One consequence of more open borders would be a collapse of the welfare state as we know it. So one thing I have always wanted to spend more ttime thinking about, but never get around to, is how structures similar to the welfare state could function without strict delineation of nation, state, or citizenship. Various vague ideas exist in my head, but nothing concrete. Perhaps KickStarter is an example of a small step in the right direction. The Indonesian phenomenon of an arisan also provides a hint. Perhaps an online community with membership fees, which are distributed to members who need it, with their need evaluated on the basis of a plee, which is evaluated by the crowd of members, with a maximum pay-out per person per time period, the rest being saved as a provision for future problematic cases – if you still follow me. In any case, some kind of system that is based on voluntarism, that cannot run into deficit by design, and that contains some incentives to join and pay.

There are a number of topics I have been wanting to blog about for ages, but I never get around to it. Some because I just don’t have had the time or the right priorities to get it written, some because it would actually require a lot of research to be a reasonable blog post. So let me just mention them for future reference or for if anyone knows about any existing ideas / publications / etc. that are relevant. The first one is on territorial rights:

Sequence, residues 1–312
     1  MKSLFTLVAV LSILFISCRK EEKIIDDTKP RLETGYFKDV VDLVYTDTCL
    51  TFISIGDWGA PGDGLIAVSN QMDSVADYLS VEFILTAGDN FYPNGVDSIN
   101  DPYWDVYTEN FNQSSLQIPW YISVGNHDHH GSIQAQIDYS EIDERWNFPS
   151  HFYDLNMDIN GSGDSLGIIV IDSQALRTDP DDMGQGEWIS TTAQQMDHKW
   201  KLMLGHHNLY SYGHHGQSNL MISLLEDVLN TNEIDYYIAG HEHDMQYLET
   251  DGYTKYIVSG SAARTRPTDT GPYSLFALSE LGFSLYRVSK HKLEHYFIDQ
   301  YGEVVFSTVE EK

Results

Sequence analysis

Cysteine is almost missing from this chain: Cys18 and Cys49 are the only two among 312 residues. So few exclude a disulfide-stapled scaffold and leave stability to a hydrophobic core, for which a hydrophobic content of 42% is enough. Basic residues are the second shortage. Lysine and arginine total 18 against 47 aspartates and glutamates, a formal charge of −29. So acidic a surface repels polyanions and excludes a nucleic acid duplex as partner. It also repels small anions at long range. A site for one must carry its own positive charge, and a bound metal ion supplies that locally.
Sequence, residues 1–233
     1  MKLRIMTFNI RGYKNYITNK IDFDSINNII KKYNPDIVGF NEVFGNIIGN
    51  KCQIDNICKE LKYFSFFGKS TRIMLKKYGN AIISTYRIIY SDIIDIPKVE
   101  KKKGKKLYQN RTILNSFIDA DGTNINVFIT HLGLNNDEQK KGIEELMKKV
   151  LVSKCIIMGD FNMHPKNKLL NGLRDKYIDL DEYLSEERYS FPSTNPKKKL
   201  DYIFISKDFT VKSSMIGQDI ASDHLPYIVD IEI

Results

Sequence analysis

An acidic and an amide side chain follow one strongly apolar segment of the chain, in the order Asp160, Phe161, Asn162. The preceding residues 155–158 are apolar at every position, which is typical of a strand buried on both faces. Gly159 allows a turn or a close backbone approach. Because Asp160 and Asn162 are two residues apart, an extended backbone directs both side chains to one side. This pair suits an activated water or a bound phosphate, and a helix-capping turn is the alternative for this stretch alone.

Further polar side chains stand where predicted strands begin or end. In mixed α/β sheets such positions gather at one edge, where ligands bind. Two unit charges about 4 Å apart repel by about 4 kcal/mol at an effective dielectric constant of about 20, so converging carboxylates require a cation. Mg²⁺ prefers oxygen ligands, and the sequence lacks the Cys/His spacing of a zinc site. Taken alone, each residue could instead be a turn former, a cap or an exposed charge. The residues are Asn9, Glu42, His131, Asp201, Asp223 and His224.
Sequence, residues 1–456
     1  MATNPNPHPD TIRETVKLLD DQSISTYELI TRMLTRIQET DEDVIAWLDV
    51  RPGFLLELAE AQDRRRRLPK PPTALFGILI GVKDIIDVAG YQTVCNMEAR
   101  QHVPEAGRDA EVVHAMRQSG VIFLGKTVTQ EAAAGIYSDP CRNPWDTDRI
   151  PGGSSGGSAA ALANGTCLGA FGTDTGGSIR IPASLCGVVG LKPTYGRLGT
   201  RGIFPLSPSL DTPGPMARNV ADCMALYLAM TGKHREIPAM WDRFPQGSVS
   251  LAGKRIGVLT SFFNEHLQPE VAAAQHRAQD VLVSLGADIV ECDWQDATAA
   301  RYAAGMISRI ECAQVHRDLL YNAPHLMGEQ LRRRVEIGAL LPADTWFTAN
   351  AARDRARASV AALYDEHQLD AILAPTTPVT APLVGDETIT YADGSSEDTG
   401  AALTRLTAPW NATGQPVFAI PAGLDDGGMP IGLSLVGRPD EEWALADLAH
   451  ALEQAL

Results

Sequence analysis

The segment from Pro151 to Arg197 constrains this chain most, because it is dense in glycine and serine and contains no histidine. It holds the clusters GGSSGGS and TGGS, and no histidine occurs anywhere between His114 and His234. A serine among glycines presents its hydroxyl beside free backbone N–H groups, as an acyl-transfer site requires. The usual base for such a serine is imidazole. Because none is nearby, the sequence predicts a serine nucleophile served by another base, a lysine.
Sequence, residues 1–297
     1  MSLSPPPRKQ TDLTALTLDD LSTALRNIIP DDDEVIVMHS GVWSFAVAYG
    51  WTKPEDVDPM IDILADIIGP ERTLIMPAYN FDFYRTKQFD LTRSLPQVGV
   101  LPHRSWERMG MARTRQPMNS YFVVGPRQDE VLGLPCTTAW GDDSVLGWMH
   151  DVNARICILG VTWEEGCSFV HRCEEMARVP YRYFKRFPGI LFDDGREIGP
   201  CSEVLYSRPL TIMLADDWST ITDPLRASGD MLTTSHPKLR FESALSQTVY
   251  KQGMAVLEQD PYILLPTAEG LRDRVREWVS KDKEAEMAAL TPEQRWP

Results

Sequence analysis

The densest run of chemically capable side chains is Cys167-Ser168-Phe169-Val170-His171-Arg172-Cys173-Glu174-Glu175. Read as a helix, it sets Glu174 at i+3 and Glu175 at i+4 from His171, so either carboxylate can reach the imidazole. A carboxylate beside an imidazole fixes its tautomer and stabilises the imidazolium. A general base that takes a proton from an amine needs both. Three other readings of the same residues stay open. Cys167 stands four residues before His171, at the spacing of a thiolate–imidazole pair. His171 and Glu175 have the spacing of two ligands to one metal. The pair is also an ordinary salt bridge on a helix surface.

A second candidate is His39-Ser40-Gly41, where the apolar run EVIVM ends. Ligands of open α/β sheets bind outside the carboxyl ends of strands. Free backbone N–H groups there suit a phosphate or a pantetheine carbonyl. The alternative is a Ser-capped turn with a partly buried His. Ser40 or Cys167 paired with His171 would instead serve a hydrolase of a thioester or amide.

I find it very difficult to see why people born in a particular location inherit significant rights to that territory, such as to be able to exclude outsiders from this section of the planet. So how do Western states have the right to exclude others from access to their countries? Why does the coincidental fact that I was born in the Netherlands give me access to almost all over the world, while someone who is similarly incidentally born in Indonesia has much more limited access? And thus, by extension, what gives the Netherlands the right to decide that restrict employment rights in the Netherlands to EU citizens only (with exceptions)? So basically two questions follow: